Written by Justin Monroe, undergraduate student at Indiana University.
The first thing that made me interested in Russian history was when learning about the Soviet perspective of the “Space Race” while coming across a film centered around the dogs that the Soviets sent before sending up Yuri Gagarin and other cosmonauts. It was from this point of reference that I found myself exploring the Soviet side of the space race, something that is not well known in the United States. Then this semester, when I came across a poster advertising an event cosponsored by Themester and The Russian Studies Workshop, and that centered on the Soviets’ use of dog launches, I knew that I had to attend.
The talk was entitled, “Hybrid Vigor: The Agency of Dogs in Space,” and was presented on October 19th by Dr. Amy Nelson, an associate professor from Virginia Tech and editor of the book Other Animals: Beyond the Human In Russian Culture and History. Dr. Nelson specializes in Russian History and Animal Studies and has been focusing her latest research on the Soviet space dogs. The talk focused on the agency of the animals in these circumstances, and how this was interpreted by the scientists who worked with them and helped prepare them for space flight. Dr. Nelson also addressed a small, and not often studied, aspect of the Soviet space program that had big effects on the rest of the space program, as well as on the space race as a whole.
Dr. Nelson began the talk with giving the audience background information on a couple of the dogs as well as mentioning a couple that had gotten a kind of celebrity status – like Laika, Belka, Strelka, and Zvezdochka. On her first slide she showed us a group of three pictures showing a few of the dogs; of those, the one that struck me the most was the the relief image of Laika carved into the side of a Moscow monument, which, Dr. Nelson pointed out, is one of only two named individuals on the monument (the other being Lenin). She also explained to us that the main reason dogs were picked for space travel was because their anatomy had been so well studied, so that scientists would know if any anatomical changes had occurred during the flight, changes which might prove harmful to future humans in flight. The number of dogs used, according to Dr. Nelson, was at least 70, although the real number is unknown due to a number of issues, such as classified files and the frequent changing of dog names. Of all of the dogs, Dr. Nelson spoke most about a lesser known dog, Lisichka, or “little fox.” This dog was, as Dr. Nelson described it, obedient and personable, a real favorite of the researchers. Lisichka died during what was meant to be the first orbital launch that would return a living creature to earth; unfortunately, though, the rocket exploded shortly after takeoff.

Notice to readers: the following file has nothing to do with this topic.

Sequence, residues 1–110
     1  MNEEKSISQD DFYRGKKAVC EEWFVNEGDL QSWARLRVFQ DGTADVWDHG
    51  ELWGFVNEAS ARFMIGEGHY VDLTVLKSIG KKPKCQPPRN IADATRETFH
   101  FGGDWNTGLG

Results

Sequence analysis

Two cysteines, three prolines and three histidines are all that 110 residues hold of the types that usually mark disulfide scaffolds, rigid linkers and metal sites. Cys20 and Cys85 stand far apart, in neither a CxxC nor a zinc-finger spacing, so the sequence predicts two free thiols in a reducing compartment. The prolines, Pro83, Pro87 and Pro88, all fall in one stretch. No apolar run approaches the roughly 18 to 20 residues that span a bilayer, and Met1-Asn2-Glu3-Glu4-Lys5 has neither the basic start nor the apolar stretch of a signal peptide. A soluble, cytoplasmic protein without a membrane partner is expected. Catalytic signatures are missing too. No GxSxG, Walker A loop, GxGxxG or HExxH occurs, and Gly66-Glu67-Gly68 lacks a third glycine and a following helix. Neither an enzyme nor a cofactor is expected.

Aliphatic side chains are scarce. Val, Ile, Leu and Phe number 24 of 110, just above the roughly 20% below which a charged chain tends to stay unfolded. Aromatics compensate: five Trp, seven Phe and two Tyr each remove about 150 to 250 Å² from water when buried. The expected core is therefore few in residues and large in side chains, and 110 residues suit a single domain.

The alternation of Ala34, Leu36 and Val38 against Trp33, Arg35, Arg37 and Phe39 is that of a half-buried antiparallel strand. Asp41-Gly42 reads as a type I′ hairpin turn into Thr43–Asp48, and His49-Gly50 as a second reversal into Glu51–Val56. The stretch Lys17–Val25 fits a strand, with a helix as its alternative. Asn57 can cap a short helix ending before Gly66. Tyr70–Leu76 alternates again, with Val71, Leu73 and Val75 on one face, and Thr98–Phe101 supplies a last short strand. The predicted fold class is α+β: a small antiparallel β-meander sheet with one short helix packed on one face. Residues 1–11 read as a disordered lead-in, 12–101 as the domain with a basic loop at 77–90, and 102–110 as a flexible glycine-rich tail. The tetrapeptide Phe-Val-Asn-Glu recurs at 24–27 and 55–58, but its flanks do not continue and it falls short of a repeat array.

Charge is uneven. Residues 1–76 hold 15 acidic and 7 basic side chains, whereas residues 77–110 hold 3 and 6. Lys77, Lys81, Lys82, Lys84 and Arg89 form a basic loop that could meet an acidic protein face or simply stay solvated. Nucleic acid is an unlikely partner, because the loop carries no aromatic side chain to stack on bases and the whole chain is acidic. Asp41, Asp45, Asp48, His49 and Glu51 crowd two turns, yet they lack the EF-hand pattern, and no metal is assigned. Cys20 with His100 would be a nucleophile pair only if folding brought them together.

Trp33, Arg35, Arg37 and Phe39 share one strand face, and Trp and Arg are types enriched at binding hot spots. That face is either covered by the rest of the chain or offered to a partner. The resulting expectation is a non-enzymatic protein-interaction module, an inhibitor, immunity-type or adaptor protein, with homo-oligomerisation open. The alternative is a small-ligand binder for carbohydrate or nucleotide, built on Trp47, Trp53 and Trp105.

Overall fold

During the talk, Dr. Nelson mentioned how many of the scientists built their research on dogs off of the many studies done on dogs by Ivan Pavlov, the father of modern conditioning. The Soviet space scientists used a number of his ideas, including the use of dogs in experiments, the concept of animals having distinct personalities, and the need to balance scientists’ neutrality to the experiment with the emotional investment that went into it. However, Dr. Nelson also made it clear that the Soviet space scientists moved beyond Pavlov in that their goal was not to break the dogs with stress, which had been an effect of Pavlov’s experiments.
I thoroughly enjoyed this talk and felt it covered a lot of fascinating points that I did not know previous to attending. Some of these include the sheer number of dogs that were used as well as just how emotionally invested the scientists became. Nowhere is this shown more than when Dr. Nelson talked about Lisichka’s death. She mentioned that there are records that show that Sergei Korolev, the lead Soviet rocket engineer at the time, had whispered to the dog, “I want you to come back so much,” though sadly Lisichka never would.
I would like to end with a brief comment made by one of the members of the audience during the Q&A at the end of the lecture. It was this: these dogs paved the way for human exploration; it was because of these flights that we humans learned that space travel was in fact possible.